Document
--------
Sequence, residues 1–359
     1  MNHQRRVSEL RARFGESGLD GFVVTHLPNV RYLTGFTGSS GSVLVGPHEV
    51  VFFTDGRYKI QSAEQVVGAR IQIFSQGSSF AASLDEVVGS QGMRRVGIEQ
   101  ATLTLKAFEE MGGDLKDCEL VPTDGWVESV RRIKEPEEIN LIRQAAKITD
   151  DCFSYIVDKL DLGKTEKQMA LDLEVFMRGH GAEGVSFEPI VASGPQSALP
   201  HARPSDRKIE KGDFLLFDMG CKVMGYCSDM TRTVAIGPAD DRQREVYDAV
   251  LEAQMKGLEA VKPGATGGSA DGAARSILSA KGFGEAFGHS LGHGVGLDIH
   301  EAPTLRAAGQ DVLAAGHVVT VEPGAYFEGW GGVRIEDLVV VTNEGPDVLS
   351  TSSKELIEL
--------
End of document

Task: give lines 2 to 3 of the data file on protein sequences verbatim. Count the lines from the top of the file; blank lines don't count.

     1  MNHQRRVSEL RARFGESGLD GFVVTHLPNV RYLTGFTGSS GSVLVGPHEV
    51  VFFTDGRYKI QSAEQVVGAR IQIFSQGSSF AASLDEVVGS QGMRRVGIEQ